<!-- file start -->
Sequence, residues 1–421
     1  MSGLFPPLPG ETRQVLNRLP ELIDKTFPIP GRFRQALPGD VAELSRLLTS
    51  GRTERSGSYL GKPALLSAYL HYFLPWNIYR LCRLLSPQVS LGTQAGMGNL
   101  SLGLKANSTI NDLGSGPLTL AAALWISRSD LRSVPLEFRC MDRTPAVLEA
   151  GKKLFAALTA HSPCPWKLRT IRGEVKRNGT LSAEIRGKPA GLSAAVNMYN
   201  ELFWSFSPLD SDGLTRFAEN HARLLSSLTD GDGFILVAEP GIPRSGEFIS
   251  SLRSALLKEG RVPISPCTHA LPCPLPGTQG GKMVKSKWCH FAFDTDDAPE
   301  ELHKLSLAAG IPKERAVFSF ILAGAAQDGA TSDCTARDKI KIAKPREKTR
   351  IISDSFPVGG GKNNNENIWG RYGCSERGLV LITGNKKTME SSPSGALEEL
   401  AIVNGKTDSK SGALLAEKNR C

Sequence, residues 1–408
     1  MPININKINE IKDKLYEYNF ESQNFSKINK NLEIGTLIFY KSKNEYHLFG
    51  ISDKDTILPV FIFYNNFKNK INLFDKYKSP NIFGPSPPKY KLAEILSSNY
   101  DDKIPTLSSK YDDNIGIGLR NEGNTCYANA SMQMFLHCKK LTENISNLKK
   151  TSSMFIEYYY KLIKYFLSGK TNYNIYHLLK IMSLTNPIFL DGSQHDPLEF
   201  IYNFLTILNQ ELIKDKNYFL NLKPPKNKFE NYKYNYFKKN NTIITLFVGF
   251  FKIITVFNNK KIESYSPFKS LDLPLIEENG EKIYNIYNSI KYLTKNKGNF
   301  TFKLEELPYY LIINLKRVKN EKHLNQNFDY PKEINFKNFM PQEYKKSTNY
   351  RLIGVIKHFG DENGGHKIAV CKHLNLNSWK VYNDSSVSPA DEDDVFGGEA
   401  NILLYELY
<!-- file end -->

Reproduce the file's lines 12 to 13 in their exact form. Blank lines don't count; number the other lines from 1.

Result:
     1  MPININKINE IKDKLYEYNF ESQNFSKINK NLEIGTLIFY KSKNEYHLFG
    51  ISDKDTILPV FIFYNNFKNK INLFDKYKSP NIFGPSPPKY KLAEILSSNY